Christ almighty, Indiana.
On “religious freedom”, the erosion of empathy and creating a society of assholes.
A story published yesterday in the Indy Star suggests the Indiana state legislature is set to pass a “religious freedom” bill this week that will most likely be signed by Governor Mike Pence. That bill “would prevent state and local governments from ‘substantially burdening’ a person’s exercise of religion unless the government can prove it has a compelling interest and is doing so in the least restrictive means,” according to the article.
Detractors say SB 101 would enable business owners with deeply held religious beliefs about whatever social ill, be it sinful lifestyle or activity, to engage in discriminating business practices based on dogma.
From a strictly libertarian reading, limiting a state’s role in private business affairs seems largely benign. After all, why should we care if some cake decorator with deeply held beliefs about the evils of homosexuality decide he doesn’t want to make a wedding cake for Adam and Steve? Can’t they just go down the block to someone who isn’t bigoted? If they can’t (small town, etc.), then what’s to stop them from going online to order one? Or just going cakeless? After all, those calories, boys… A moment on the lips, as they say.
So what if there’s a fundamentalist Christian anesthesiologist who refuses to prep a woman for an abortion, or a man for a vasectomy? Or a fundamentalist Muslim gym owner who refuses to let non-veiled women work out? Or a fundamentalist Wiccan, um… Carwash owner, who… Refuses to wash non-electric vehicles? Just go with it…
In a free market system, it would seem, anyone who sees a potential customer base could essentially open an inclusive business to serve those who are being left out. So isn’t this bill actually an opportunity to serve the people in Indiana who will be marginalized? And if they have to pay more for the service because that’s the only place open to them, isn’t that only fair?
The hypotheticals could be asked ad nauseam (you may argue they already have been. See above.), but after a very small amount of thinking down the road of “religious freedom” laws, something becomes clear rather quickly: They will most likely lead to a further siloing of American belief communities building theological walls between themselves and those who they feel their God has demanded they ostracize.
In my opinion, the question we need to ask then becomes “Is that good for us as a country?”
The answer to me is apparent.
The reason behind that answer takes a bit of unpacking. The problem, as I see it, is that the more walls we build between ourselves and others reduces our capacity for empathy. An increasing erosion of “the ability to understand and share the feelings of another” should be a frightening prospect, no matter who you happen to be. It’s not a great leap to go from lack of empathy to human rights abuses, death, imprisonment, murder, concentration camps, extermination. After all, it is a lack of empathy that allows humans to do monstrous things without a thought, and often in the name of religion.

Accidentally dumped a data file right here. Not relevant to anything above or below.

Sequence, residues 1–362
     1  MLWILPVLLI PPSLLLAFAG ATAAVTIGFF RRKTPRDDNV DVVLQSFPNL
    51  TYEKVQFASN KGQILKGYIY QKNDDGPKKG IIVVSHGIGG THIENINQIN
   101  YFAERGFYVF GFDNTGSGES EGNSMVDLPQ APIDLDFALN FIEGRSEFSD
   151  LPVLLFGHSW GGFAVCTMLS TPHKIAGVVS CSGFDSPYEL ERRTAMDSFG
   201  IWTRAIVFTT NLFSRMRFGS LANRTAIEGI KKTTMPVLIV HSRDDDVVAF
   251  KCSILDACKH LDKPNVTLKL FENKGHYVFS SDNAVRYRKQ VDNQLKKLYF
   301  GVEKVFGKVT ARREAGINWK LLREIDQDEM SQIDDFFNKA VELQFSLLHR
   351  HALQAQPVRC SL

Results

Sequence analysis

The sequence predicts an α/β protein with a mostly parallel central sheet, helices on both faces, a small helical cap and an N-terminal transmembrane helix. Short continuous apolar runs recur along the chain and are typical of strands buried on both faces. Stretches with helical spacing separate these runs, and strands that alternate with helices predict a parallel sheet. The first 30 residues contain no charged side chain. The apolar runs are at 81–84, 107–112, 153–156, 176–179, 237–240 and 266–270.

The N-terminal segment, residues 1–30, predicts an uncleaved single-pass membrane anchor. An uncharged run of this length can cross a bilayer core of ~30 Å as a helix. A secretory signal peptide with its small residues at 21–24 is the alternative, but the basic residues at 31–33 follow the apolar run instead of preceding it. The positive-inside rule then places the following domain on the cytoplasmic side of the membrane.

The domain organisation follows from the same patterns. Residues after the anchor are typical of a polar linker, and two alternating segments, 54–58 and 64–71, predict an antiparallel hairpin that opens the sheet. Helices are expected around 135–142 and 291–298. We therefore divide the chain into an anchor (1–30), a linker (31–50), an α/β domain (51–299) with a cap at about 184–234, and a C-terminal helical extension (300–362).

Am I saying that Indiana’s SB 101 will directly lead to some kind of holocaust? No. But what I am saying is that it adds to a societal compartmentalization that is already on fast-forward. Every day we interact with social media algorithms that feed us the information we are most aligned with. It’s why I never see an NRA post on my feeds, unless it’s something that has been posted by an outraged liberal friend. That sharing only feeds any outrage I might have already had. That outrage, amplified, further erases any kind of understanding of NRA members as human beings who have their own view of a world so frightening they must be armed to protect property and family, whom they obviously love. Or who live in a world where using guns to hunt is critical for the feeding of their families and communities, who they obviously care for.
So instead of asking, “How can I understand those feelings of love and help ease the fear of my fellow human beings wherever they might live?” or “How can I better understand the way people care for and feed themselves and their families, as alien as it might be to me?” I think, “Man those NRA members are just monsters.” And in calling them monsters, they are dehumanized. And in dehumanization, I begin to lose care for their life, liberty and happiness.
And so it goes in their news feeds. And yours. And your neighbors. And down the line. So, when this compartmentalization of beliefs moves from the server to the service industry, how much more will our empathy towards our neighbors deepen into antipathy?
My argument against SB 101, then, is not built on religious grounds, (despite my belief in a gospel where Christ was intensely empathetic and welcoming, particularly to the “other”. Thus finally explaining the title of this piece). It is instead built on my belief that human psychology is fraught with frailty.
It appears too late for Indiana, but other states are developing similar bills. I would hope that we reconsider. And so I’ll sum up my anti “religious freedom” bill sentiments in one easy to read slogan: “Stop creating laws that enable us to be assholes.”